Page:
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RE: Simon's Post

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  • s.padbury@tiscali.co.uk
    I accept your hand of genuine Christian Fellowship. Thankyou Colin, but I guess I either forgt about that part, or else I didn t think it was worth anything
    Message 1 of 16 , Apr 8, 2004
      "I accept your hand of genuine Christian Fellowship."

      Thankyou Colin, but I guess I either forgt about that part, or else I didn't
      think it was worth anything since you refuse to retract your repeated references
      to me as wicked and ungodly and slanderous.

      You say we might not be so far apart as I might think. That may be true
      in some of the outcomes, but we arrive at them by distinctly different routes.
      But at least you're backing off from suggesting that I am somewhat an antinomian
      or a dispensationalist now.

      As for raking through past posts and engading you in these matters again,
      I can't be bothered, sorry. I've had enough of debating with (some!) Theonomists,
      because of their abusive language.

      But I do admit that you are not as bad as some in that respect, and I appreciate


      Broadband from an unbeatable £15.99!

    • gmw
      ... There is nothing new under the sun. It is sinful man s nature to say sinful things towards those with whom we disagree. Thanks for this informative post.
      Message 2 of 16 , Apr 9, 2004
        --- In covenantedreformationclub@yahoogroups.com, thebishopsdoom
        <no_reply@y...> wrote:

        > It is true that some of the modern debates on the issue of Reformed
        > Presbyterians have gotten quite polemical, not just in favour of,
        > but also against the views of the Reformed Presbyterians.

        There is nothing new under the sun. It is sinful man's nature to say
        sinful things towards those with whom we disagree. Thanks for this
        informative post.

        I'm not sure if this has anything to do with the present topic or
        not, but the following are objections and answers taken from A Short
        Vindication of Our Covenanted Reformation, published by a commitee of
        the Reformed Presbytery, Philadelphia, 1879 (the objections sound
        familiar, and the answers are refreshing):

        1. "You think nobody right but yourselves." Just so; that is, in the
        points wherein others differ from us; otherwise we will only proclaim
        our own hypocrisy. We believe, and therefore speak.

        2. "You think nobody will be saved but such as adopt your peculiar
        principles." This is an old objection. It was "cast in the teeth" of
        one of our martyred ministers, Mr. Donald Cargil, as he was "led as a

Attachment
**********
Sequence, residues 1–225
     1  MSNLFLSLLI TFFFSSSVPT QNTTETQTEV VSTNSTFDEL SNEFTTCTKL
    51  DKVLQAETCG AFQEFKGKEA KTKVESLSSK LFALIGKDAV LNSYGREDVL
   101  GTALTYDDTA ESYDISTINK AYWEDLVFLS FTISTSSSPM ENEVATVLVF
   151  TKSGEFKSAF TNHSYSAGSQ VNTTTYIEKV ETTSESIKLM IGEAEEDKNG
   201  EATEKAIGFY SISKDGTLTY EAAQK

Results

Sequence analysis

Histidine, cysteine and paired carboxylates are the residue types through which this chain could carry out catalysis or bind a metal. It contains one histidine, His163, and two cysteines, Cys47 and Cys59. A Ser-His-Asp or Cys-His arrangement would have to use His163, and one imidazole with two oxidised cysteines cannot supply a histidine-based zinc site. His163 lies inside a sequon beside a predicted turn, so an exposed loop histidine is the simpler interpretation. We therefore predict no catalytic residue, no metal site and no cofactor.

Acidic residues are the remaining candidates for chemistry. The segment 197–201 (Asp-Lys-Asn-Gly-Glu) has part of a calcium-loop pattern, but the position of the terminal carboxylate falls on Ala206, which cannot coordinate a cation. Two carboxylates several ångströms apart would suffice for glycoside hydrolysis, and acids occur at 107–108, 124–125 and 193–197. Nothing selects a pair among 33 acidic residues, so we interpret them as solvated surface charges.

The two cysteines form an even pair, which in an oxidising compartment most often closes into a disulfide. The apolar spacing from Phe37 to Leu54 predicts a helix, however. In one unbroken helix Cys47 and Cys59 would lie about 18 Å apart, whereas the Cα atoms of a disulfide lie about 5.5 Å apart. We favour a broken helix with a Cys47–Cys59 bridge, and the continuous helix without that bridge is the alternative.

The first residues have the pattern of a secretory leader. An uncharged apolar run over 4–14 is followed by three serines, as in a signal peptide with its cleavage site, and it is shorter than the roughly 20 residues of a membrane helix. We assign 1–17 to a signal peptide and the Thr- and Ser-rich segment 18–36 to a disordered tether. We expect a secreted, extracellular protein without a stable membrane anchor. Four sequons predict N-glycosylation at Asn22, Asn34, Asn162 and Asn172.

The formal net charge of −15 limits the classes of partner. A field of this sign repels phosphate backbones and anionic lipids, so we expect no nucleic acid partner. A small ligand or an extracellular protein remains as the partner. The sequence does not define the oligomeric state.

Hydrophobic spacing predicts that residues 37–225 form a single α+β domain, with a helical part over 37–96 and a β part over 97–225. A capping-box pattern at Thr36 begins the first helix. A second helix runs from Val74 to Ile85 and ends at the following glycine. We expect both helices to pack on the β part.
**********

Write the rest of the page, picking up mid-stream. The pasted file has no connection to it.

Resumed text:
lamb to the slaughter." He meekly answered, "No." "Well, and what
        more would you want than to be saved?" "I want a great deal more,"
        was his simple reply, "I want Christ glorified on earth." He
        understood the first question of the Shorter Catechism, of which too
        many are ignorant to-day. "Man's chief end is neither his salvation
        nor destruction." Rev. 4:11.

        3. "Your principles are impracticable." If they are scriptural the
        objection is true in one sense, but false in another. Our Saviour
        told his real disciples—"Without me (separated from me) ye can do
        nothing." Jno. 15:5. This was Paul's experience (Rom. 7:18), and he
        tells us that this is part of all believers' experience. Gal. 5:17.
        On the other hand, if our distinctive principles are scriptural, as
        we believe them to be, they are certainly practicable to a true
        believer; for of such no impossibilities are required. 2 Cor. 12:9;
        Phil. 4:13.

        4. "You meddle with political matters;—preach the gospel and let
        civil government alone." We often meet this objection under the form
        of friendly advice; and we believe none is of deeper significance or
        more pregnant with consequences. (a) It confounds politics and civil
        government. (b) It separates between the gospel and civil government.
        (c) It excludes the Bible and its Author from the commonwealth. (d)
        It conducts us to infidelity and issues in blank atheism. But this
        objection involving, as it does, so much both of principle and
        practice, demands more consideration and a particular and
        intelligible answer. It is not true that we meddle with politics; for
        a Covenanter can affiliate with no existing political party because
        no party will consent to be governed by the Bible. The gospel, as we
        understand it, covers the whole of the Scriptures. Gen. 18:18, Gal.
        3:8, Heb. 4:2. It is "another gospel" which excludes any part of the
        Bible. That we may be more fully understood, we assert that the Holy